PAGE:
the other windAnd I guess that’s what she’s done, enduring in a genre traditionally hostile to women, living life with a grace and fortitude that she infused in her characters. I’d like to think that she crossed that crumbling, horrible wall, and found it waiting on the far side. That Other wind, that swept her up, and took her to lands more fantastic than we, lingering behind, can imagine.

The Fury of a Goddess Scorned

I hate it when blog posts open with the words ‘It’s been so long since I posted.’ For a long time, I thought it was ridiculous to call attention to the gap between one’s posts. ‘It’s okay,’ I wanted to tell those offenders, ‘We get it, you have a life, and the commitments that come with it.’ Now I’m one of those people.

The point of that long paragraph was to say the words without actually saying them. I think I succeeded.

Thor: Ragnarok spoilers are coming at you below.

Anyway, I have so much to write about, I don’t knew where to start. I saw Thor: Ragnarok the day of its release, so I suppose I should lead with that. I liked it, not loved it, and my favourite part was not Loki (Tom Hiddleston is still in my bad books), but Cate Blanchett’s Hela. I walked out of the theatre thinking, ‘Wow, I have so many deep things to say about her and her claims of being written out of history, I can reference imperialism and the sacred feminine and the monstrous feminine and all sorts of other smart things,’ but then because I was lazy and/or consumed by the process of ‘having a life’, someone else got to it first. But I won’t be bitter about it; here’s the article on Tor, which does a fairly good job of laying out Ragnarok’s anti-imperialist stance, so enjoy that and reflect on the idea that someone in the world usually has the same good idea as you, so don’t get distracted but sit down and write it out RIGHT NOW.

hela with hammer

But I do want to dwell on Hela a bit, so bear with me. First of all, Cate Blanchett was great, which was no surprise. Second, Hela’s motivation, while decidedly non-original, seemed, to me, perhaps more weirdly sympathetic and understandable than that of many other Marvel villains. For one thing, the Thor franchise seems to have learned from its mistakes (cough Dark Elves cough) and actually allowed for some development of their big bad here. For another, Hela’s rationale, of coming back to claim her rightful place was, strangely enough, a surprisingly strong rationale. Yes, she had been denied her rightful place. Yes, she had been shamefully cast aside by her father once she had outlasted her value. Yes, she had been too ‘monstrous’ for him to keep by his side, and had to be put away. Odin had used her talents to expand his rule to Asgard’s Nine Realms, but when her ambition ‘grew too much’, and her appetites were beyond what he deemed acceptable, he cast her away, and removed her image and memory from his kingdom. Hela’s face when she realizes that nobody knows who she is is actually heartbreaking, a moment of rare emotion from a character who is otherwise the consummate chilling, angry, sword and spear-casting villain. Hela is actually hurt by Odin’s absolute removal. He keeps the ‘gilded’ image of Asgard, and papers over the memory of her; he has his people worship him and his sons, but burns away any knowledge of his daughter, without whom, it is implied, his rule would have been very different.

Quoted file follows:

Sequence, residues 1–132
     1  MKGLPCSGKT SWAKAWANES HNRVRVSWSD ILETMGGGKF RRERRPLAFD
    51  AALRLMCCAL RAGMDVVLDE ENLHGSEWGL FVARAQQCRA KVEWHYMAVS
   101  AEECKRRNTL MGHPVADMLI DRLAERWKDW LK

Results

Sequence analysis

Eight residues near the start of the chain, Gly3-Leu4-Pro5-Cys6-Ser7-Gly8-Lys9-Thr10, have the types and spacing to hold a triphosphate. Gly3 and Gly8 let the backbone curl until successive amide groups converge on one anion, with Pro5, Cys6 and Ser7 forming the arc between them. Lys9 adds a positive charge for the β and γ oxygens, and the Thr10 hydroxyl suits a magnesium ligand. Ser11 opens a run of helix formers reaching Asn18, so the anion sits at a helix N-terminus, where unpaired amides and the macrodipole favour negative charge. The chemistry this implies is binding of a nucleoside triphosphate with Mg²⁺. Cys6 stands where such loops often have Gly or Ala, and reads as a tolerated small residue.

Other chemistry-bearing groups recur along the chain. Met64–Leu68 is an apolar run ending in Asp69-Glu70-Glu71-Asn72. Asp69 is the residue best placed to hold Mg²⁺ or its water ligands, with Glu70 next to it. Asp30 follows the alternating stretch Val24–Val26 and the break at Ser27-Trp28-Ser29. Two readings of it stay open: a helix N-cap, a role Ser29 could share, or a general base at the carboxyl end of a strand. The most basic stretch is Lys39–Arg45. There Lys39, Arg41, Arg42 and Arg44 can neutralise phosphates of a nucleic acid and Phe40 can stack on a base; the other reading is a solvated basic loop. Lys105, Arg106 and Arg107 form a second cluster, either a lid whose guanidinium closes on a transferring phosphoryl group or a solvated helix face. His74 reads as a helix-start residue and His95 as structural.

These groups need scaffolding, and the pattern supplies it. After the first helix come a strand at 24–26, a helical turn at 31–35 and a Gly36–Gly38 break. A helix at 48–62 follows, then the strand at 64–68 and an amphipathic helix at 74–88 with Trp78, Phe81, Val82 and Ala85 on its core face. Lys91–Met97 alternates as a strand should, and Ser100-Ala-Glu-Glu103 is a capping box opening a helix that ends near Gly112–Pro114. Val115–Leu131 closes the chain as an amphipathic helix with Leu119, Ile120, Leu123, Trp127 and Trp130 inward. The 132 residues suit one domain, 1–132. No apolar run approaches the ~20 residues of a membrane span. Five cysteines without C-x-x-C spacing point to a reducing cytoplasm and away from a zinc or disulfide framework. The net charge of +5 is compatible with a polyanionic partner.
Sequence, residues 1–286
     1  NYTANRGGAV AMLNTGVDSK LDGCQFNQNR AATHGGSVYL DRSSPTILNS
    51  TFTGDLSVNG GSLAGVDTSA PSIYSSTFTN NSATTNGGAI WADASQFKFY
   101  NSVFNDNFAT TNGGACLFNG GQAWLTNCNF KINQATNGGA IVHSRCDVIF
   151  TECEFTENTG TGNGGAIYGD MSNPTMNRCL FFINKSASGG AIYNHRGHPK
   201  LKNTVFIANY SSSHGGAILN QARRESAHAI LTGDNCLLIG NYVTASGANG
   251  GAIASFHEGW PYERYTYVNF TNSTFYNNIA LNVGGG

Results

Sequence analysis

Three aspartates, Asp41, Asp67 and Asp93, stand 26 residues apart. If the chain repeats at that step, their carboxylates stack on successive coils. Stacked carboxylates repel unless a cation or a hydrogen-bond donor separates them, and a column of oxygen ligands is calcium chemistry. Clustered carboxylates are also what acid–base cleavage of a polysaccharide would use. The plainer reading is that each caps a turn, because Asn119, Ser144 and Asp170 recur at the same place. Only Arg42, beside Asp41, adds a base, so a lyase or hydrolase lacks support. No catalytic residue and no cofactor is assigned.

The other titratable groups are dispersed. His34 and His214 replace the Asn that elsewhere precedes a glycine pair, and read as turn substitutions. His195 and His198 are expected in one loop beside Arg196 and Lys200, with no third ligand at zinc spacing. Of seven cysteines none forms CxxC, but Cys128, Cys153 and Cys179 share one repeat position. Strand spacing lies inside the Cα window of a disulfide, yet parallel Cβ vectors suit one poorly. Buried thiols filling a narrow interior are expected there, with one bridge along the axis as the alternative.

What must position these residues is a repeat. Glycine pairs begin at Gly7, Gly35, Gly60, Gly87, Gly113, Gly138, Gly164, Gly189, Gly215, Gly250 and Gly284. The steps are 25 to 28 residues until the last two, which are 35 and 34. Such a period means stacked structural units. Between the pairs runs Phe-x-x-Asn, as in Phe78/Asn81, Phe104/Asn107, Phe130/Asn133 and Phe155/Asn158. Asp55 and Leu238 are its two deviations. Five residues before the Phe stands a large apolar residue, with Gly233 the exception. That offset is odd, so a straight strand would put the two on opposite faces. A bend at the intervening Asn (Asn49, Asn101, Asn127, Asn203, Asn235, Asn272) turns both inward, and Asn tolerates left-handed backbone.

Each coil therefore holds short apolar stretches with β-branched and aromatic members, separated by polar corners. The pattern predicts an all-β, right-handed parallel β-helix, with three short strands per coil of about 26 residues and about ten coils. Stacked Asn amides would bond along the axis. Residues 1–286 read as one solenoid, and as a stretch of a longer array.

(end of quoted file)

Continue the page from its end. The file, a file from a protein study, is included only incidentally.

I do not support Hela’s agenda at all, let me make that clear. Of course it’s not cool to go around enslaving other worlds simply because you’re good at it. But I also think that it’s no small thing that she’s a goddess who has been slighted. Female anger has traditionally been hidden away, with women who have gone ‘beyond their use’ locked away or simply disposed of—think of all those ‘witches’ who were drowned or burnt, or otherwise inconvenient women who faced brutal ends. Megan GArber’s piece in the Atlantic, ‘All the Angry Ladies,’ is a brilliant illustration of this history. Hela’s anger in a time of cascading revelations regarding sexual misconduct, its arrival near the anniversary of the women’s march, makes it seem timely. Hela is magnificent not only because she’s a literal goddess who can destroy a god’s symbol of phallic power, but because she channels what women have felt for so long: anger at having been put away, silenced, when she was no longer convenient for the patriarch.

So it was with some discomfort that I watched as she was vanquished, left to fight an unending battle with a one-dimensional fire giant while her brothers made an escape. There was no redemption for Hela, and she did not seek any. Her actions through the course of the film were unforgiveable, and she betrays not a shred of pity for the people over whom she rules. But even so, even though she is such an obviously horrible figure, I felt a tiny spark of recognition for her. I wonder whether it’s problematic, my recognition, or whether it’s more problematic that the film quashed her so ruthlessly at the hands of a blonde, buff man and his merry band of misfits. Characterized as angry, and needlessly violent, Hela is a discomfiting figure, but her imprisonment and defeat do not do anything to ease us. If anything, they make her more compelling, and worrisome, in their own way.